I was quite moved when I saw it at home via Sundance’s virtual festival in 2021, but I imagine it must be pretty exciting getting it out into the world.

It’s been a really tough time for films, especially independent films because so much of their life is on the festival circuit. Many of my early films, like “Manakamana,” I was traveling for a year promoting. I was in a dozen countries showing the film, sharing it with audiences, having conversations, like going for drinks afterwards and talking more, meeting young filmmakers all over the world. That’s just how independent film spreads. It’s so much about word of mouth. Nobody has big marketing budgets, so it’s about going to the screening and seeing the filmmaker and getting to talk about their ideas with them. And then during the pandemic, that all just fell away. A lot of festivals were making these really noble attempts to create some kind of virtual community. At Sundance, they sent us all VR goggles and we were in this spaceship, talking to each other. [laughs] Again, I appreciate the effort, but it’s not a substitute.

I had been to Sundance in 2020 because I produced a film called “Some Kind of Heaven” and you had the screening and it’s like three days of people talking to Lance [Oppenheimer, the director] and he’s getting these calls and he’s taking these meetings and people are stopping him on the streets of Park City. A year later, I have “Searchers” at Sundance and I have this Q & A over Zoom and all of that is really special, but then the Q & A is done and I’m sitting in my living room and it’s like, that’s over. There’s nothing else. And hopefully, we’re back to a place where people are going back to festivals and talking to each other.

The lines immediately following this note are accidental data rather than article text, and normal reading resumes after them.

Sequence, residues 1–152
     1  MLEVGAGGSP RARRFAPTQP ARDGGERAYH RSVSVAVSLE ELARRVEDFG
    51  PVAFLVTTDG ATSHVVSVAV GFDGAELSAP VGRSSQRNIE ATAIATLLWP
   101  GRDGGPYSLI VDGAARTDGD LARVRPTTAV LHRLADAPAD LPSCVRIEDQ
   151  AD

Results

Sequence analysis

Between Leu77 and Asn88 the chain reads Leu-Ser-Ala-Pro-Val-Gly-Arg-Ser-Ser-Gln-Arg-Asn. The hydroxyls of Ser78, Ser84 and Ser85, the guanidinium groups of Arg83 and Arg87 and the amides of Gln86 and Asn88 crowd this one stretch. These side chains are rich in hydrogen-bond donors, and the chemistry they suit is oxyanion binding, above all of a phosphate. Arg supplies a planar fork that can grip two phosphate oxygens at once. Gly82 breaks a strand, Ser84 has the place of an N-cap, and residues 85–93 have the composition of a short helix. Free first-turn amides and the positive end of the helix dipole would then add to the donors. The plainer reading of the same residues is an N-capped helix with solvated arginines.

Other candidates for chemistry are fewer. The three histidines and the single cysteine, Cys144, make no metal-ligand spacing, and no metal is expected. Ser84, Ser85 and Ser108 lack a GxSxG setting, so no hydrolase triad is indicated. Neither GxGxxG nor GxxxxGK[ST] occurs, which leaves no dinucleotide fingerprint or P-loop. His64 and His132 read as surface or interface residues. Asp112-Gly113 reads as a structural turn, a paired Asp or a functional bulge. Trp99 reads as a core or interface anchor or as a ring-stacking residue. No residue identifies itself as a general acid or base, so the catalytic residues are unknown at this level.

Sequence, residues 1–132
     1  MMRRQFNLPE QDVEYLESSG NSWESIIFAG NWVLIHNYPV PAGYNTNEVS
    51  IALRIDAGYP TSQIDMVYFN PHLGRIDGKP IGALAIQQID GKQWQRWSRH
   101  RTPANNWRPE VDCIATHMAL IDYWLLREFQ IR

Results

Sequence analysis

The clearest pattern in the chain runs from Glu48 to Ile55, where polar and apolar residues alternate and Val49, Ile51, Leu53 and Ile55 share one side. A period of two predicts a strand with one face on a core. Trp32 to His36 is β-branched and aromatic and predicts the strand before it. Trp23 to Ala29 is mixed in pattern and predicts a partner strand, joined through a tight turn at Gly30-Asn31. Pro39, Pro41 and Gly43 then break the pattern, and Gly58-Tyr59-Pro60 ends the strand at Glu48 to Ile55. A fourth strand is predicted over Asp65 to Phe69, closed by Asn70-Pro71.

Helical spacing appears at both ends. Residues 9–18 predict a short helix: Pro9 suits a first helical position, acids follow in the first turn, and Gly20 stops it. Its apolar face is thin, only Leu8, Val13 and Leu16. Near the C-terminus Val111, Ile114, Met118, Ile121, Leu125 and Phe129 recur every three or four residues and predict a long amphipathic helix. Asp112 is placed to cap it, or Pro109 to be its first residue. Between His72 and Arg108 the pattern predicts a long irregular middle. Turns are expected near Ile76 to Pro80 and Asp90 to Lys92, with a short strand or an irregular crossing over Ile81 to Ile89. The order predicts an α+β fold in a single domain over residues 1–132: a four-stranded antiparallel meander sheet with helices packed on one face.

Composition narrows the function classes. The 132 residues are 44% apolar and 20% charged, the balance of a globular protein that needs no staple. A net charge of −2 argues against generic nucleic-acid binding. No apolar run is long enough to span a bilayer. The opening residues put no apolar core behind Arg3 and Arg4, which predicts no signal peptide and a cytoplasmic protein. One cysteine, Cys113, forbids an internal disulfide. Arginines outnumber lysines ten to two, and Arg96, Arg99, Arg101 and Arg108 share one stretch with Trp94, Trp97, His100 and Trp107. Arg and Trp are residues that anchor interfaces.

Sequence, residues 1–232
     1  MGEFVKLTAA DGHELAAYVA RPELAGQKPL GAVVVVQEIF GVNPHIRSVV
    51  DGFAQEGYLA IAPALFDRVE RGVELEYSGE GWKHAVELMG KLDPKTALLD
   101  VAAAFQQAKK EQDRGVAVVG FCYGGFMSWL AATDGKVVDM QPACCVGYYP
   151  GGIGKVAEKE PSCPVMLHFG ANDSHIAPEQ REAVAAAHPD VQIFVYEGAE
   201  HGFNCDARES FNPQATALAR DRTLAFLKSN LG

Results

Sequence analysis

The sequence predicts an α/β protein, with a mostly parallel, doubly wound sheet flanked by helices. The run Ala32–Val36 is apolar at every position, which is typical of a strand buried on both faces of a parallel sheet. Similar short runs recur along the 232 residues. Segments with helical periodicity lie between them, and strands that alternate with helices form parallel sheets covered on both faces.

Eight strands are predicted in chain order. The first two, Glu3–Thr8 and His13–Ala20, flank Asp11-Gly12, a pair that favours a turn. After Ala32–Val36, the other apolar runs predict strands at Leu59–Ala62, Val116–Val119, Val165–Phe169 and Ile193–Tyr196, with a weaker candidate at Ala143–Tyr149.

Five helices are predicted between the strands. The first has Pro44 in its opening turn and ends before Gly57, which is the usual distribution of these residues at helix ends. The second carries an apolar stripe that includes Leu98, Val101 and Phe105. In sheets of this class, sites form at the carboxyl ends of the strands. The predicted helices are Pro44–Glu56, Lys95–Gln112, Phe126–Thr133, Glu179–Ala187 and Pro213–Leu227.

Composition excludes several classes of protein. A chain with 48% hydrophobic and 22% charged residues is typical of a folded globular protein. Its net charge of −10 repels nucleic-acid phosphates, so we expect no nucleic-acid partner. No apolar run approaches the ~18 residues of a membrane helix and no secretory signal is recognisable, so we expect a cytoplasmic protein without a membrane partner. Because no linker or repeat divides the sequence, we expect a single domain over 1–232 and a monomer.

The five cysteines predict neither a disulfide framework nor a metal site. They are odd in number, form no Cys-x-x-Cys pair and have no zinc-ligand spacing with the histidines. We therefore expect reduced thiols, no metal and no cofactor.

It seems like you’ve really created that opportunity for yourself with this series at the Anthology, which has such a great lineup to accompany screenings of “Searchers.” How did this come together?

We live in this funny moment where nobody wants to put films on the big screen, so the producers, the best distribution deal they got was for this online release via Gravitas Ventures that’s happening next month. I was kind of actually excited by that because that meant that we still had the theatrical rights and I reached out to some theaters in New York that I know and love and have relationships with. Anthology really liked the film and said, “yeah, we’d love to show it and we’d love to show it around Valentine’s Day” and I’ve been going to Anthology Film Archives since I was in college and I love their programming and [it’s been] so long since we’ve been in a movie theater together, [where] it’s fun to talk and to have a conversation, and see some different films and have a little bit of debate. so I invited a bunch of people that made work that is important to me in different kinds of ways that also speaks to “Searchers” in some interesting ways. It’s the first time it’ll be showing on the big screen in Manhattan, so I think it’ll be an event and I’m excited for it.

“Searchers” will open on February 10th at the Anthology Film Archives in New York where it will be accompanied on February 10th with “Trade Center” and its filmmaker Adam Baran in person at 7:30 pm, February 11th with “Love Tapes” at 5 pm and February 12th with “I Am a Sex Addict” and its filmmaker Caveh Zahedi in person at 5 pm.